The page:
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Independent Pursuits: Bridge

AS AN ex-editor of Bridge Magazine (the world's oldest bridge journal) it is hardly for me to say whether it has improved overall since my term of office, but I find the current series, Test Your Defence, by Julian Pottage both informative and imaginative. Take this deal...

East opened One Club and, after two passes (now here I take mild exception to the bidding - I am sure that nine Wests out of 10 would have dredged up a diamond response), North doubled. East passed, South jumped to Two Hearts, and North raised to game.

Now just imagine you are East and can see only your hand and dummy after your partner has led 29 against Four Hearts. You win and cash a second club to reveal the position in the suit, but how do you proceed? Your first thought is to lead a low club for partner to ruff and return a diamond. But will this help? Declarer has four clubs and at least four hearts - therefore only five cards at most in diamonds and spades. He must surely hold 4A for his jump bid and so, after drawing trumps, any diamond loser that he might have will go away on the spades.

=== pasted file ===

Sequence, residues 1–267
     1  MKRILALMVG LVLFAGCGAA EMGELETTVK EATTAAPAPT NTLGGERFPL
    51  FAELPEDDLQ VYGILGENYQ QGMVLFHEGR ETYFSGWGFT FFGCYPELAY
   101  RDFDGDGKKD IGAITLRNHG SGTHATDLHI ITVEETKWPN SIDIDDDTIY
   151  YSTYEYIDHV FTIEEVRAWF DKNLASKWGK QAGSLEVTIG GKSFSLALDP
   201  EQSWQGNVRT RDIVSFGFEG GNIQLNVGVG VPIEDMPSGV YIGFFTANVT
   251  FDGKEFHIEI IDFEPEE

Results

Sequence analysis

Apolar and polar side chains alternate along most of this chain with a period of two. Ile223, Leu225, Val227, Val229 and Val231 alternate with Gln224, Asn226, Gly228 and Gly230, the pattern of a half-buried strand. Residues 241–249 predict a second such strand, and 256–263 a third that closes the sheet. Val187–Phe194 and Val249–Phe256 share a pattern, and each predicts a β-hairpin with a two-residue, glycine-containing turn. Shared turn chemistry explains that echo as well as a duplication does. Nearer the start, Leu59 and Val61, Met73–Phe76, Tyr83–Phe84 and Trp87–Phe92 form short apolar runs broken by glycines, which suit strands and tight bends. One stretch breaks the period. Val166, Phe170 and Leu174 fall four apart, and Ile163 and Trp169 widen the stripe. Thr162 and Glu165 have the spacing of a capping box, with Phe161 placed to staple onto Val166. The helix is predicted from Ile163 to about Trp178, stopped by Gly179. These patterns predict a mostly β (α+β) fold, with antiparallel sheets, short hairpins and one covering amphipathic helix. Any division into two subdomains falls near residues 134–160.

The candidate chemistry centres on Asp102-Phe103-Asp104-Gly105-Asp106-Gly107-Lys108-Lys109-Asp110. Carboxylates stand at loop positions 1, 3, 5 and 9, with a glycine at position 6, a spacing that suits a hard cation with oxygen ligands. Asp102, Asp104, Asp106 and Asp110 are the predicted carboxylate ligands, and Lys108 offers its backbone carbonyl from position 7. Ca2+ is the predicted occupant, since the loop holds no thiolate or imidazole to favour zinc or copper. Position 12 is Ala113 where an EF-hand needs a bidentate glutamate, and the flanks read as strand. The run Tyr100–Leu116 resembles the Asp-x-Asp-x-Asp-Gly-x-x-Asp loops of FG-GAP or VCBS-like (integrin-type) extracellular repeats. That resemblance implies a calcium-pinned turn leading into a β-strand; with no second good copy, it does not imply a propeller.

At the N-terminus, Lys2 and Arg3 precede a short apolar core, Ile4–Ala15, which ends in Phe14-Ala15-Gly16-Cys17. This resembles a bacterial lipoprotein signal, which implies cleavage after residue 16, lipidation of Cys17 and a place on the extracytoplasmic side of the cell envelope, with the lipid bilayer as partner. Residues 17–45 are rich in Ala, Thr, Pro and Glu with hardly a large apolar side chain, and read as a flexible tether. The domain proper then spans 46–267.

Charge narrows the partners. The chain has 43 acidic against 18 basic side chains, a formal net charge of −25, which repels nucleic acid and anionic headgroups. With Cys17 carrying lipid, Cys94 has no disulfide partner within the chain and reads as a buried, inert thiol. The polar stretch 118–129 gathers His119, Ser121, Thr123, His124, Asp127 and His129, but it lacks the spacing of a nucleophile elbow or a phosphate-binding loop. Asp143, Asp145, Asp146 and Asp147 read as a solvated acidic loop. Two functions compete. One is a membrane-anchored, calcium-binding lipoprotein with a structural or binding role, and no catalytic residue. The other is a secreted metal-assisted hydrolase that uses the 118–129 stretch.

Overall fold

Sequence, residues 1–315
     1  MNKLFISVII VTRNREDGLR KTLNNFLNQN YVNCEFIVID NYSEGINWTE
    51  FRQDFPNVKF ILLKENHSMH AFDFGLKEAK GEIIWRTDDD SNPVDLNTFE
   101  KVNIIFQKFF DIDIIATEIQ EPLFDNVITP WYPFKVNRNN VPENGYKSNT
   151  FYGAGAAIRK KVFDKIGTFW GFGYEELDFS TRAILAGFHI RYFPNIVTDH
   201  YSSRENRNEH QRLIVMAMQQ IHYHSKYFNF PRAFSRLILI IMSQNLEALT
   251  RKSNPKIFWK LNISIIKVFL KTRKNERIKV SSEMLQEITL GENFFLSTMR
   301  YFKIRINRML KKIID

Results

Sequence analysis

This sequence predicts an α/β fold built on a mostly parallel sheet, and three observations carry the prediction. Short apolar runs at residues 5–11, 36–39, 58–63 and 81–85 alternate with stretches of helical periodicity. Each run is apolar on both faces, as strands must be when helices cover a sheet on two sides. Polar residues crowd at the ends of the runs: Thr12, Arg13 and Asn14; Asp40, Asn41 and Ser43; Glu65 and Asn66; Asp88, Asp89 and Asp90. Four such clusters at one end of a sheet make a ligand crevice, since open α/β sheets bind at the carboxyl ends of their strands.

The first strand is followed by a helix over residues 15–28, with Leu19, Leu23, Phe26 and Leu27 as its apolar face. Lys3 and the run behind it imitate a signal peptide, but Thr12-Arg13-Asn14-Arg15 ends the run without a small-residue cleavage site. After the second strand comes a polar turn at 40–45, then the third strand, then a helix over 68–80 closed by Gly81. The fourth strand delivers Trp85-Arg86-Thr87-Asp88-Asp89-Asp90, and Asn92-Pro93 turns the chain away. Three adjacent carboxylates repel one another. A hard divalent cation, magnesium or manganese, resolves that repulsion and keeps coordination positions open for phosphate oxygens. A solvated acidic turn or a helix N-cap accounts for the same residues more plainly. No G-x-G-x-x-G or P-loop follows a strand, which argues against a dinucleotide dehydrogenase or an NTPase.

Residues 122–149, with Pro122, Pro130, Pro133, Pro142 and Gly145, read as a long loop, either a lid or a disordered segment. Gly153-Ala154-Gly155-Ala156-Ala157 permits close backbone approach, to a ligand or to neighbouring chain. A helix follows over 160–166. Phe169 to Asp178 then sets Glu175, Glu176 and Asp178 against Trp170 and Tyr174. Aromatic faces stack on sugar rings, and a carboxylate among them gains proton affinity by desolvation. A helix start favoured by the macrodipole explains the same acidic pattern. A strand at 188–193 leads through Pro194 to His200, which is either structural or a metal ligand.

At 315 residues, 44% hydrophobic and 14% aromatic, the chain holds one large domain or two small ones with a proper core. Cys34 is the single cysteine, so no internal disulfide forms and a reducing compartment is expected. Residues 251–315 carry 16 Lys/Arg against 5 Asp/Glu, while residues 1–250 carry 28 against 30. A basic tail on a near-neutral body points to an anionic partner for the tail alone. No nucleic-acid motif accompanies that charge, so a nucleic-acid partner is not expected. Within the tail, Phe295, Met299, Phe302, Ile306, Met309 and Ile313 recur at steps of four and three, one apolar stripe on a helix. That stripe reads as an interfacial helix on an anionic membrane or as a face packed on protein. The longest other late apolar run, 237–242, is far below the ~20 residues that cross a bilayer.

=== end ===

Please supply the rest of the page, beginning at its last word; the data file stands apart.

So there is no diamond trick to come but there is room for your partner to hold 4Kx. How can you persuade declarer that you hold the king rather than West? Solution - cash your third club winner and switch to #10! South asks himself "Who would defend like that if he held #K?" and reasons that if West holds #K, East must hold the other red king to justify his opening bid. So the only chance will be to find it singleton... And West now comes to the setting trick with a trump. Be honest, would you have thought of this defence.

Game all; dealer East


4K Q J 7

!A J 9 3

#A Q

2J 8 3

West East

410 6 4 2 49 5 3

!K 4 !6

#J 8 6 5 3 2 #K 10 7 4

29 2A K Q 6 5


4A 8

!Q 10 8 7 5 2


210 7 4 2